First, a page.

The book, The Everything Store: Jeff Bezos and the Age of Amazon, applies whether you're an entrepreneur now, or dreaming of bigger things in the future.

As you read the book, you might notice that Bezos was very aggressive, maybe to a fault at points, but it made him who he was.

At his 2010 Princeton commencement speech, he said, "In the end, we are our choices."

He took the path less trod upon, and he was so much happier for it.

Direct download: The_Everything_Store-_My_Interview_with_Brad_Stone.mp3
Category:general -- posted at: 1:59pm PST

Today's special guest on the Book-of-the-Day Show is my mentor Joel Salatin.

His goal is to empower food buyers to pursue positive alternatives to the industrialized food system.

You can grab Joel's book "Holy Cows and Hog Heaven" by clicking here:

I just interviewed Ryan Holiday about his book, “The Obstacle is the Way: The Timeless Art of Turning Trials into Triumph."

Life will throw tremendous hurdles at you, but don’t think that the world owes you anything.

The sooner I realized that, the better I’ve been at coping with the trials and tribulations thrown at me.

Many people complain about how things are and feel entitled to something better, but they are not willing to do the work.

Will Durant said, “A nation is born stoic, and dies epicurean."

A great nation is born from people who are willing to put in the hard work.

Instead of only looking at luxuries, you have to learn to love the grind.

Make sure to grab a copy of “The Obstacle is the Way: The Timeless Art of Turning Trials into Triumph” by clicking here:

Direct download: The_Obstacle_Is_The_Way-_My_Interview_With_Ryan_Holiday.mp3
Category:general -- posted at: 6:16pm PST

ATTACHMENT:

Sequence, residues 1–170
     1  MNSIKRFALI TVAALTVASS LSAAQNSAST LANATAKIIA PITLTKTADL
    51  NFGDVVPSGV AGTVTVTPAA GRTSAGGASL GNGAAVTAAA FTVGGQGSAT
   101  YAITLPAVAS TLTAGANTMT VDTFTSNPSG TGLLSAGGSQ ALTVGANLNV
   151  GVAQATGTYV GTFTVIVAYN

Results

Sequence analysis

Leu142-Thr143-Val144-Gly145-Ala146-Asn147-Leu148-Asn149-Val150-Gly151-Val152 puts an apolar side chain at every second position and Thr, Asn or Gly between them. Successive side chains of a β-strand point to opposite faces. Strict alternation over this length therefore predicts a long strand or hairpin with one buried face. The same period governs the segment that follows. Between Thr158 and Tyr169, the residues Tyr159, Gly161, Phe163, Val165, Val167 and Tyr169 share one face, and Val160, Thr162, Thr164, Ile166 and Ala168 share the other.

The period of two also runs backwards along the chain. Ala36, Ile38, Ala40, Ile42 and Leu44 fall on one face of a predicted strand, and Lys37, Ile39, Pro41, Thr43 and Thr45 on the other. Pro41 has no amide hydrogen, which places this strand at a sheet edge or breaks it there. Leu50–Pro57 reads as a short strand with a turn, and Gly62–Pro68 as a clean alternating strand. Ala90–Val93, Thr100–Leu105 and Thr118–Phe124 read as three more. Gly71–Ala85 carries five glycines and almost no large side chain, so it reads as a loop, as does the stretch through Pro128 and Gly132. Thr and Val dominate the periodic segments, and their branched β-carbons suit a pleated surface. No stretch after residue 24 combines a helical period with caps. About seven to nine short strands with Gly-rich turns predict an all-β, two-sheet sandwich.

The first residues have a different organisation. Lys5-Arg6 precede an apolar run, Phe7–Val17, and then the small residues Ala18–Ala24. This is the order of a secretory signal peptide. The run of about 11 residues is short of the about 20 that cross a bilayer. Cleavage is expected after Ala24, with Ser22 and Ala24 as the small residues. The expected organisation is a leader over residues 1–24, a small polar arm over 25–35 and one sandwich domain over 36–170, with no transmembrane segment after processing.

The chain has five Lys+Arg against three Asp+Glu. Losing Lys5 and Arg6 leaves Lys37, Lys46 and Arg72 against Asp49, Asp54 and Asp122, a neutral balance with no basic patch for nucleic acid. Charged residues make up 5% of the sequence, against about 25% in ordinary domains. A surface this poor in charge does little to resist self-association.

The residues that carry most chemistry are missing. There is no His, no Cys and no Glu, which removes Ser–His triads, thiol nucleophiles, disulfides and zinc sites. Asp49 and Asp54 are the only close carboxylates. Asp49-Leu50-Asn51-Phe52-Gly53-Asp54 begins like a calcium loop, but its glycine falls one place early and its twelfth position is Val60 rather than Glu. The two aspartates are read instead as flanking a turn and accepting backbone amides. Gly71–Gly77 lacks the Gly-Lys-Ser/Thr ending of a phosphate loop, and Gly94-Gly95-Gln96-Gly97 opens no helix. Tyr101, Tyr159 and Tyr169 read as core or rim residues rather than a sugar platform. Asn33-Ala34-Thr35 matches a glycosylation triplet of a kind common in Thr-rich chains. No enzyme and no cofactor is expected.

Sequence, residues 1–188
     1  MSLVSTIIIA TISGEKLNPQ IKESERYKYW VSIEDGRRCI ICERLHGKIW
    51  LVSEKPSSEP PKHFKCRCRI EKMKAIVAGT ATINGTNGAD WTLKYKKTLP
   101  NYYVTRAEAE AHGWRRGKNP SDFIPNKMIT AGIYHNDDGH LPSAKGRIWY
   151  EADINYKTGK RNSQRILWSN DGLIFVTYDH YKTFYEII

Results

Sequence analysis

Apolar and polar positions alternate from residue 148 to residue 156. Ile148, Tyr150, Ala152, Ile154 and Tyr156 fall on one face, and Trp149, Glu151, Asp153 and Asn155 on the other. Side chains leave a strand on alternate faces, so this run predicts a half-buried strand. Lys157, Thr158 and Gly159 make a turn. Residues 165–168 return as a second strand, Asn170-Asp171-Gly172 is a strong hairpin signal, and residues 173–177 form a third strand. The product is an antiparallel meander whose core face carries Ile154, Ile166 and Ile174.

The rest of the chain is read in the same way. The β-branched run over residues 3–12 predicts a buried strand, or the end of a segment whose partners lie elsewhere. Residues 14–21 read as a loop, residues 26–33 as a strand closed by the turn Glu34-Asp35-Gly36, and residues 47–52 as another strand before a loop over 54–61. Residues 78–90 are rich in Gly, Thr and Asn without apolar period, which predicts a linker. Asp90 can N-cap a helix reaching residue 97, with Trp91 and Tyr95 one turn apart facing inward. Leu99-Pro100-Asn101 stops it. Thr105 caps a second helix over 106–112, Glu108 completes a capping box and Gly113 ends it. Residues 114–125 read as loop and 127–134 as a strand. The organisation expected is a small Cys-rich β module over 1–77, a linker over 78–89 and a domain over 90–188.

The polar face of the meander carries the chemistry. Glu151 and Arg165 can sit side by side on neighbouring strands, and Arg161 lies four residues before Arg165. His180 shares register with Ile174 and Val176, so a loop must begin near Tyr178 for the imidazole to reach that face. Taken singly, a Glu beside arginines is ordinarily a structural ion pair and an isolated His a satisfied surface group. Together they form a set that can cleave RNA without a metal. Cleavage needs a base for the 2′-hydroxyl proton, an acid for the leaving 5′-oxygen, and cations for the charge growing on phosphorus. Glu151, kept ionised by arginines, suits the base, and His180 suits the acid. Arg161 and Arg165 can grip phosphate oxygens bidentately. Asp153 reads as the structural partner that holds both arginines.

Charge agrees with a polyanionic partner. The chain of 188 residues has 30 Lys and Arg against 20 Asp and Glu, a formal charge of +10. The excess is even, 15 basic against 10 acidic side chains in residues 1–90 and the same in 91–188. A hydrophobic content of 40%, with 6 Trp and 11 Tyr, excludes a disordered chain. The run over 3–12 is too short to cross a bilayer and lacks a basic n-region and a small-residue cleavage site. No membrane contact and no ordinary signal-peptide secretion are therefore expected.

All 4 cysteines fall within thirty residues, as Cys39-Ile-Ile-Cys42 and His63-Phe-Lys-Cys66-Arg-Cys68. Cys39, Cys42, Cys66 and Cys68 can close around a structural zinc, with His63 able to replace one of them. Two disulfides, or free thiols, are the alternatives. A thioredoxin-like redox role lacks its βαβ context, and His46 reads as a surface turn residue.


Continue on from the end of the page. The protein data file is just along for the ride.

One of the most common questions I get is, "Tai, what is it? If you had a list of secrets for success, what would it be?"

I thought about this really hard after making my first million dollars. Was it luck? Was it access to the right people?

There are definite secrets that we weren't taught in the traditional school system. I was able to learn these secrets from my mentors.

Here are 4 of the 11 secrets only millionaires know:

1. VRIN Score

2. Wealth Index

3. Stacking Trends

4. Nudist Buddhist Rule

To learn what the other secrets are, click here to watch the entire Encore Session.

I love a Book-of-the-Day like this. The story of the guys who went from nothing to starting Twitter.

Despite all the evidence most people still don't believe.

Find something worth building and you might be the next rags to billions story

People say that to be happy you have to be unselfish. But are they right?
Because we all know selfish and greedy people, who seem to have it all.
We have all been betrayed by someone who went on to live a seemingly perfect life.
So there has to be something more to this - a more elegant explanation of the conflicts of life. A root explation of our selfishness... Of our altruism... About our DNA and "Nature vs. Nurture..."


In today’s Book-Of-The-Day, “The Selfish Gene” by Richard Dawkins, we examine this question of whether we are born greedy and 'evil' or if we only learn it from our environment.
Direct download: Edited_Dawkins_Interview.mp3
Category:general -- posted at: 6:22pm PST

Are you are a worrier - always anxious and fearful about the future? Today's Book-of-the-Day shares a lifetime of work from one of the top scientists in the world.

It talks about fancy concepts like, "Fear memories requiring protein synthesis in the lateral Amygdala for reconsolidation after retrieval."

But guess what?

Scientists have also found 4 old fashioned, practical techniques that you can do today to make you less anxious and fearful.

1. Just take a deep breath: "This folk wisdom has a grain of truth to it. During stress the sympathetic nervous system dominates, overshadowing the parasympathetic system. But when one breathes slowly and deeply, "The vagus nerve, becomes more active and the balance between the sympathetic and parasympathetic system improves."

2. Focus less on self by meditating: "Our conscious self will do almost anything to maintain the independence, power, control, or success that it has achieved even if you do so other people, other cultures, or the world has to suffer. A healthier approach is to let go of the 'absolute self' that we construct and recognize our broader role in life."

3. Combine self-exposure with proactive avoidance: If you have fear of crowds, "Rather than forcing oneself to ride out anxiety at a dinner party, use anxiety control strategies, such as relaxation and active coping (like trips to the bathroom or stepping out to make a call) that enable regrouping before re-exposure."